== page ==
The prestigious Turnaround Management Association (TMA) Annual Awards recognize excellence in turnaround management and corporate restructuring.

The Chicago-based TMA,, has more than 9,000 members in 48 regional chapters worldwide who comprise a professional community of turnaround practitioners, attorneys, accountants, investors, lenders, venture capitalists, appraisers, liquidators, executive recruiters and consultants.

The 2011 Turnaround of the Year Awards recognize restructuring professionals who helped faltering businesses rebound to either stand on their own or be sold. The Turnaround Management Association spotlighted Carlos Gila´s achievements in changing the fates of La Seda de Barcelona as its Deputy Chairman and CRO on October 26 during the 2011 TMA Annual Convention in San Diego, California.

In the matter of restructuring Spanish company La Seda de Barcelona S.A., location meant everything. The €1.4 billion publicly listed petrochemicals group and a European market leader in the manufacturing of plastic drink containers faced an unpleasant brew of troubles as the financial crisis took hold in 2008: a slump in demand for its finished products, rising raw material costs, and competition from the Far and Middle East.

By early 2009, Barcelona-based La Seda breached covenant on €600 million of senior notes held by a 54-member bank syndicate and various bilateral facilities holders, including international and regional banks and hedge funds.

Auditors uncovered accounting irregularities that forced a downgrading of interim 2008 profits, and the company was delisted from the Spanish stock exchange. Total debt exceeded €1billion, with nearly €200 million trade credit overdue to multinational petrochemical creditors and €200 million due to bilateral lenders.
A compact turnaround team, with advisors and attorneys from Spain and the U.K., fended off moves by syndicate members to force an English Law filing of the most profitable plastic drink container facility of the group managed from the U.K., which would have precipitated a Spanish filing of the parent company, and negotiated a two-month reprieve to prepare a group restructuring plan. All the while, the team sidestepped potential filing triggers from subsidiaries in other European jurisdictions and responded to a bevy of claims and cross claims stemming from a filing of another U.K. facility in which English law administration was unavoidable.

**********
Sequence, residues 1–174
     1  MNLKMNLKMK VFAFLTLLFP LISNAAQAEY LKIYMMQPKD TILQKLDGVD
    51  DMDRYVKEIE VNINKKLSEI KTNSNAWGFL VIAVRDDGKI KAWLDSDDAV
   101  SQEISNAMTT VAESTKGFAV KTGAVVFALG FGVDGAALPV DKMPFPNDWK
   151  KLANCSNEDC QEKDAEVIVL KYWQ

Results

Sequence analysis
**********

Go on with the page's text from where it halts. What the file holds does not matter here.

Over 12 months, the team fortified operations around a core enterprise of Spanish and Italian resin and pre-form companies managed from the U.K., a location crucial to the unfolding of the restructuring plan.

The plan diluted existing shareholders to 17.2 percent and proposed a €300 million capital increase, with half resulting from a debt-for-equity swap that gave lenders 41.4 percent equity. The other half would come from a €100 million investment from three major existing shareholders and an additional €50 million raised in the open market. Another €400 million in bilateral and trade debt would be repaid in full, with maturities extended from 2010 to as far as 2013.

A minority of dissenting creditors fought the €600 million syndicated loan agreement and could have ended the story, but the team’s attorneys proposed a novel solution: Restructure the syndicated debt owed by a Spanish company under an English company law scheme of arrangement, which required only 75 percent approval from the impaired creditor group.

Convincing stakeholders of the merits in pursuing the scheme was just one of many wrinkles on the winding path to La Seda’s recovery. But a smoother course was sure: EBITDA improved from negative €63, 805k in 2009 to positive €63,286k in 2010 and reached €20 million in the first quarter of 2011.

As of 2010, the company’s stock was trading once more, on the heels of a plan that produced an oversubscription of shares. Lenders received the excess €33 million in cash payment in lieu of part of the share swap. And a new tool exists for effecting European cross-border restructurings.